NYS Workmens Comp Rate for Code 0042 for landscape workers
This post was originally published on August 22, 2011, and updated on June 26, 2020.
Description: Code 0042 covers workers who cut grass, apply weed control, spray lawn and trees, layout grounds, spray/ fumigate, or planting trees, shrubs, flowers, or lawns. This code also includes brush clearing, planting of seedlings or transplants, cleaning, weeding, or improvement cutting for the purpose of promoting the growth of remaining trees. Any clearing and grading done by these workers are of the fine type necessary for finishing operations and do not result in changes to the contour of the land. This code includes sod or artificial turf installers.
Materials Used: Lawn or gardening tools; weed control chemicals; sprayers
Pricing: Solid companies with a good loss history can obtain better than average pricing on NYS Workers’ compensation rates.
NYS Workers Comp Code 0042 Landscape Gardening & Drivers Guide
Category: Casual and Artisan Contractors
SIC CODE: 0781 Landscape Counseling and Planning
0782 Lawn and Garden Services
NAICS CODES: 541320 Landscape Architectural Services
561730 Landscaping Services
Suggested ISO General Liability Code: 97047, 97050
Suggested Workers Compensation Codes: 0042, 9102, 0106
Description of operations: Landscape contractors design, install, and maintain outdoor spaces, combining plants and architectural features in a manner attractive to customers. Services offered may include installation of sod for a lawn, planting of trees, bushes, shrubs, flowers, and other plants, or the installation of retaining walls, fountains, walkways, or other architectural enhancements. Some landscape contractors will change the contours of the grounds, while others will limit their work to planting new or maintaining existing lawns and plants. Additional operations may include installation or winterization of underground sprinkler systems, tree trimming, nurseries or lawn, and garden shops.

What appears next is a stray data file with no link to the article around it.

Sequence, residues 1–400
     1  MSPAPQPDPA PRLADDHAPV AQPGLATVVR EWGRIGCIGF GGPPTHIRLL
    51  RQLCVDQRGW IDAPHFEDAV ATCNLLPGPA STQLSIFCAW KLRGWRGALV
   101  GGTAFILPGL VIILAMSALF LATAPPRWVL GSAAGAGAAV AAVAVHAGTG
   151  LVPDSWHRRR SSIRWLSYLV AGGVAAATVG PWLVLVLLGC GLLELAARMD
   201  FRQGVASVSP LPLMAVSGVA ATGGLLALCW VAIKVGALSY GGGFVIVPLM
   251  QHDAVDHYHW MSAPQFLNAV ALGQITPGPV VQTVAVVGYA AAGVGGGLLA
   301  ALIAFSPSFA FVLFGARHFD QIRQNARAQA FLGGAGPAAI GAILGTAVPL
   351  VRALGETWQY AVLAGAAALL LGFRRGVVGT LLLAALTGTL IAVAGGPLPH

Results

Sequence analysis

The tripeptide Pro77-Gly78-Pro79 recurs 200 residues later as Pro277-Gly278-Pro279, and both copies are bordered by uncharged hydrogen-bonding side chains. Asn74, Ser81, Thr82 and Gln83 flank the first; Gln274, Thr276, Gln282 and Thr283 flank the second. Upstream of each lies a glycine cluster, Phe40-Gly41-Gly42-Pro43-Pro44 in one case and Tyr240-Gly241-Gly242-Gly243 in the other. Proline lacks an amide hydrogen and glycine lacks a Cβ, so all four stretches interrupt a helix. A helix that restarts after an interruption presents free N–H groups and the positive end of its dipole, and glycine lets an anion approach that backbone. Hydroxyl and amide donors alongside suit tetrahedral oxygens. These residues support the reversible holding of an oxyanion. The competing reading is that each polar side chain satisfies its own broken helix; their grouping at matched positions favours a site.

Property exposures may be limited to an office and a storage yard for vehicles or equipment. Property exposures may include the use or sale of live and growing plants, shrubs, bushes, trees, or flowers. These may grow outside in a yard or in a structure such as a greenhouse. Both the structure and the growing stock are susceptible to damage by fire, wind, hail, and vandalism. The stock is also vulnerable to loss by frost and animals or insects. Specialty coverages designed specifically for growing stock may be needed. Older greenhouses may be subject to frequent glass breakage since they are typically made with the lowest grade of plate glass. Newer greenhouses are simply framed with plastic coverings that need frequent replacement as they tend to yellow or cloud in the weather and block out sunlight needed by plants. There may be backup systems or generators employed to prevent freezing or other temperature losses. Fire hazards can be high from the flammables used in the repair of vehicles or equipment, such as solvents and degreasers, and the chemicals in fertilizers and insecticides. These must all be well controlled, labeled, and separated with proper storage in the appropriate containers and storage facilities.
Crime exposures are from employee dishonesty. Background checks, including criminal histories, should be obtained on each employee prior to hiring. Ordering, billing, and disbursement should be handled as separate duties with reconciliations occurring regularly. There should be appropriate procedures in place when employees accept payments off-site.
Inland marine exposure includes accounts receivable if the landscaper offers credit to customers, contractors’ equipment, goods in transit, and valuable papers and records for customers’ and suppliers’ information. Equipment may include mowers, sprayers, cherry pickers for tree trimming, and trenchers for underground work. Goods in transit may be damaged by fire, collision or overturn. While the transport of fully grown trees for planting is rare, the stock may be of high value. Vehicles containing stock should be attended at all times.